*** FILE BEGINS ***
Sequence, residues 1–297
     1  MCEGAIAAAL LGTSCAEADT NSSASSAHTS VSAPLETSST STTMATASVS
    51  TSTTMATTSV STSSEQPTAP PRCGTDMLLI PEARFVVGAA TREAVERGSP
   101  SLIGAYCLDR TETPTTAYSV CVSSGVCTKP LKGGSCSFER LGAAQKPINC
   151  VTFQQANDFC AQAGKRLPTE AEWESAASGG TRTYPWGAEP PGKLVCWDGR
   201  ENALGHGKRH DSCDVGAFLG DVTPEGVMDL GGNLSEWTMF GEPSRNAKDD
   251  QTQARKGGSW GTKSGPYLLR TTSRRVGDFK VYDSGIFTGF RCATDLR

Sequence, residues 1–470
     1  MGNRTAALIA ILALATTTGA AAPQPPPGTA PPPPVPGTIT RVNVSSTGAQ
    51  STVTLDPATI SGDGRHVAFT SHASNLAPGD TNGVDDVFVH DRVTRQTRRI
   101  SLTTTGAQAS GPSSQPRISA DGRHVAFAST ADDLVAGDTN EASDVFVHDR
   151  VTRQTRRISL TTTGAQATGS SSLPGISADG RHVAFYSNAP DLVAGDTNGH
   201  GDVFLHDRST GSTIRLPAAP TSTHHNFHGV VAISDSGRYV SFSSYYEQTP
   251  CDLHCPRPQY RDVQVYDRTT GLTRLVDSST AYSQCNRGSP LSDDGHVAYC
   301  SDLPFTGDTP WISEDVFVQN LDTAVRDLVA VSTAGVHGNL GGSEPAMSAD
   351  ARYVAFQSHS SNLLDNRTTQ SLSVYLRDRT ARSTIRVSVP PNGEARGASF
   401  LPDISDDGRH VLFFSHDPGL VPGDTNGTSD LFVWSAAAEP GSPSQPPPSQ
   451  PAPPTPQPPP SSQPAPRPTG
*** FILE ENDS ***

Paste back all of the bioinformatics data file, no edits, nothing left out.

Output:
Sequence, residues 1–297
     1  MCEGAIAAAL LGTSCAEADT NSSASSAHTS VSAPLETSST STTMATASVS
    51  TSTTMATTSV STSSEQPTAP PRCGTDMLLI PEARFVVGAA TREAVERGSP
   101  SLIGAYCLDR TETPTTAYSV CVSSGVCTKP LKGGSCSFER LGAAQKPINC
   151  VTFQQANDFC AQAGKRLPTE AEWESAASGG TRTYPWGAEP PGKLVCWDGR
   201  ENALGHGKRH DSCDVGAFLG DVTPEGVMDL GGNLSEWTMF GEPSRNAKDD
   251  QTQARKGGSW GTKSGPYLLR TTSRRVGDFK VYDSGIFTGF RCATDLR

Sequence, residues 1–470
     1  MGNRTAALIA ILALATTTGA AAPQPPPGTA PPPPVPGTIT RVNVSSTGAQ
    51  STVTLDPATI SGDGRHVAFT SHASNLAPGD TNGVDDVFVH DRVTRQTRRI
   101  SLTTTGAQAS GPSSQPRISA DGRHVAFAST ADDLVAGDTN EASDVFVHDR
   151  VTRQTRRISL TTTGAQATGS SSLPGISADG RHVAFYSNAP DLVAGDTNGH
   201  GDVFLHDRST GSTIRLPAAP TSTHHNFHGV VAISDSGRYV SFSSYYEQTP
   251  CDLHCPRPQY RDVQVYDRTT GLTRLVDSST AYSQCNRGSP LSDDGHVAYC
   301  SDLPFTGDTP WISEDVFVQN LDTAVRDLVA VSTAGVHGNL GGSEPAMSAD
   351  ARYVAFQSHS SNLLDNRTTQ SLSVYLRDRT ARSTIRVSVP PNGEARGASF
   401  LPDISDDGRH VLFFSHDPGL VPGDTNGTSD LFVWSAAAEP GSPSQPPPSQ
   451  PAPPTPQPPP SSQPAPRPTG